• Michael F. Ochsenreiter ’80 was presented the Francine M. Delany Alumni Award for Service to the Community for his civilian career with the U.S. Air Force. A management major, Michael began his work as an information technology specialist for the Air Force soon after graduation. His 28-year career as a “career civilian” for the U.S. Air Force spans his early work supporting the F-15 Eagle program, and the then top-secret SR-71 “Blackbird” Program, to the United States Air Force Academy to his most recent post as deputy director of management systems at the Air Force Services Agency (AFSVA). The Management Systems Directorate manages communications and computer systems for all Air Force Services worldwide, as well as agency headquarters. He recently retired and lives in Weaverville.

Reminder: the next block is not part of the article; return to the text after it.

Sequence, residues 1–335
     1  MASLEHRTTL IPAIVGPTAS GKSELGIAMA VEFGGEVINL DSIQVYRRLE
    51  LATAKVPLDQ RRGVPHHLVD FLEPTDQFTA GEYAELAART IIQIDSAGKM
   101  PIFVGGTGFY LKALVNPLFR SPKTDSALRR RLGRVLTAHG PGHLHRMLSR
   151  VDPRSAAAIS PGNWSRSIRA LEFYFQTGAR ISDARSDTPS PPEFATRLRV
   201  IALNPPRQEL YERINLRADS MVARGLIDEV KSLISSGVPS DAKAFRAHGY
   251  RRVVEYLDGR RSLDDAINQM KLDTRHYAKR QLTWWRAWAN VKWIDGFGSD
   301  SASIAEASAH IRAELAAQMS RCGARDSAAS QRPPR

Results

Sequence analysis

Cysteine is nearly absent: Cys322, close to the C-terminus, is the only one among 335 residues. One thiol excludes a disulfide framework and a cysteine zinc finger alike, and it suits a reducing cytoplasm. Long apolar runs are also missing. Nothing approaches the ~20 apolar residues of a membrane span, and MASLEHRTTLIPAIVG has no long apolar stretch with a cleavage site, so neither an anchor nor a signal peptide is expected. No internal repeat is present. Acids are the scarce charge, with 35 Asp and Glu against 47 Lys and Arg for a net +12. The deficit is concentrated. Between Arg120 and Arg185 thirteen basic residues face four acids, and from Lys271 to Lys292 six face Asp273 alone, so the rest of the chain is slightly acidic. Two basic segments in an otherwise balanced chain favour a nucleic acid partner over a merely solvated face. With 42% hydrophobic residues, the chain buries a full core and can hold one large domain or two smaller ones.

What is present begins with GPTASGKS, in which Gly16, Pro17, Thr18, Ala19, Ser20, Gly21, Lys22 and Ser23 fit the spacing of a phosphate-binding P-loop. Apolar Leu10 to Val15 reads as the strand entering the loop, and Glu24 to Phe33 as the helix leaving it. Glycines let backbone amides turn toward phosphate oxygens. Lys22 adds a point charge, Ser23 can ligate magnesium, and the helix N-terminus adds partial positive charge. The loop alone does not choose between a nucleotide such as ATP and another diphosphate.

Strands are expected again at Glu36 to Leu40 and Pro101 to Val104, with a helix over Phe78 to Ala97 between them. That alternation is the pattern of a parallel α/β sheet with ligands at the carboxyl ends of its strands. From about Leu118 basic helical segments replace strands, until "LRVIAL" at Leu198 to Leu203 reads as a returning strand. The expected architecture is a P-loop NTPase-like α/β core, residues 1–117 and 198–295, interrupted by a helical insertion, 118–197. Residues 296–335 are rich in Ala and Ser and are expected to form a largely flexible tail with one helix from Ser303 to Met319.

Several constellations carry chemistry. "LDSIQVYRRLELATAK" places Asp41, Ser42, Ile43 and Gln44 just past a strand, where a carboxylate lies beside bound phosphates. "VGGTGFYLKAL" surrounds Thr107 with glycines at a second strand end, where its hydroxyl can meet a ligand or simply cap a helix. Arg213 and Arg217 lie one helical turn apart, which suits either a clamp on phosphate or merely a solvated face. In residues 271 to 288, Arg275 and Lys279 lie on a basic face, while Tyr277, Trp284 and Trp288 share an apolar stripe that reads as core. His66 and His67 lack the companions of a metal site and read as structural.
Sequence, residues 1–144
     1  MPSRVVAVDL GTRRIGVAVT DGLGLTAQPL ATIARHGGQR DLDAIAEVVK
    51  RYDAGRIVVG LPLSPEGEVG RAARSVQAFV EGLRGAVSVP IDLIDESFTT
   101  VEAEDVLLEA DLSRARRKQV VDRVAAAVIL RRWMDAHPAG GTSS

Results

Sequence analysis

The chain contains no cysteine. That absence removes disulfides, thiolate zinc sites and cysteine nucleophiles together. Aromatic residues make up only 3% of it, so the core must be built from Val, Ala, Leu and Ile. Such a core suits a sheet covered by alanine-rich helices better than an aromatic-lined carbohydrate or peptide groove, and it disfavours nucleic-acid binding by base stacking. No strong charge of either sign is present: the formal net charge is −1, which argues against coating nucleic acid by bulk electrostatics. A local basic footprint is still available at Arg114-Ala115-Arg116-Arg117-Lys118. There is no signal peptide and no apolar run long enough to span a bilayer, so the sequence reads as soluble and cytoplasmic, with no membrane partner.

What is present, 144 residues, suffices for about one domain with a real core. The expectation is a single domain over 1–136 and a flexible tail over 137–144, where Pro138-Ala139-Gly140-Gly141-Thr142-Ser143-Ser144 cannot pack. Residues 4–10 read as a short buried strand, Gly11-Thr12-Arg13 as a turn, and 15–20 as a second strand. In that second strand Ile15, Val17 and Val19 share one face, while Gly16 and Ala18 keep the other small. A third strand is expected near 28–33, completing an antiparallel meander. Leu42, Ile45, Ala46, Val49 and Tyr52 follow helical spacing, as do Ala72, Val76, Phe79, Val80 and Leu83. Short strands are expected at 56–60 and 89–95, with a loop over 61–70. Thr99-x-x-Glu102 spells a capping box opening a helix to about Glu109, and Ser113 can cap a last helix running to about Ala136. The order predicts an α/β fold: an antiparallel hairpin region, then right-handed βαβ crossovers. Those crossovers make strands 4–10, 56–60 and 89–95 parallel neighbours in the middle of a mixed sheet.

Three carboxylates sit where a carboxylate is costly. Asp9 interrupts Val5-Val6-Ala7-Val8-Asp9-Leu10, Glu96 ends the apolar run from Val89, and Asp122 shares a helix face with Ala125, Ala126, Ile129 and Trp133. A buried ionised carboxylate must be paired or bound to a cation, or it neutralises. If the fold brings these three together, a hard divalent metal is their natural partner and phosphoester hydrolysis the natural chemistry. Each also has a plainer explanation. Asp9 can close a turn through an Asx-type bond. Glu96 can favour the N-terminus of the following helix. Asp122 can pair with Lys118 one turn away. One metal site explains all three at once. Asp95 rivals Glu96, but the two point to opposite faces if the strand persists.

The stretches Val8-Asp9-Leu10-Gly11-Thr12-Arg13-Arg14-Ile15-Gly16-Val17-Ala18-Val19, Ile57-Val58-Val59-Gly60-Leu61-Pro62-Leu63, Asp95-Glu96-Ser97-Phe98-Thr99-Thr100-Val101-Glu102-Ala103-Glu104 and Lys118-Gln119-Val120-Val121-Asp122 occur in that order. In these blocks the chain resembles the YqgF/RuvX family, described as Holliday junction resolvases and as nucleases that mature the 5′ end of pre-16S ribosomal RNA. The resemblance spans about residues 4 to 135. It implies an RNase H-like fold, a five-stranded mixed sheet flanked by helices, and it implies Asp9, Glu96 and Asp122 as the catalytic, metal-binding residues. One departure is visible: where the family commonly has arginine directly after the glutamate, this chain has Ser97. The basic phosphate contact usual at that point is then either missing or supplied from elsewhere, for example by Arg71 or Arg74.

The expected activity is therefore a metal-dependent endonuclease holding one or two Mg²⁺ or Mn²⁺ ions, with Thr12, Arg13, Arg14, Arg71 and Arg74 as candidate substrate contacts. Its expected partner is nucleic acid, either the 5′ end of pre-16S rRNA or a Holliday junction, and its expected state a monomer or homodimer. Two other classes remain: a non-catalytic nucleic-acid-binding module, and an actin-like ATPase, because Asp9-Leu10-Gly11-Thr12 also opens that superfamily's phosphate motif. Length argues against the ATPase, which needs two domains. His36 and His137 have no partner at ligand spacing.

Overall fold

• Holly Spencer Bunting ’00 was inducted into the Order of Pisgah for outstanding achievement in her profession and service to the university. A summa cum laude graduate, she earned a law degree from American University and was one of the editors of the Law Review. She now works for K&L Gates in Washington, one of the world’s largest firms, distinguishing herself in the areas of mortgage banking and consumer finance. Her leadership was instrumental in completing her class’ gift to the university, the beautiful clock between Lipinsky Hall and Ramsey Library. Over the past three years Holly has been generous with her time and contacts with the World of Work program, which pairs students with alumni in an effort to help students learn about working and living in Washington.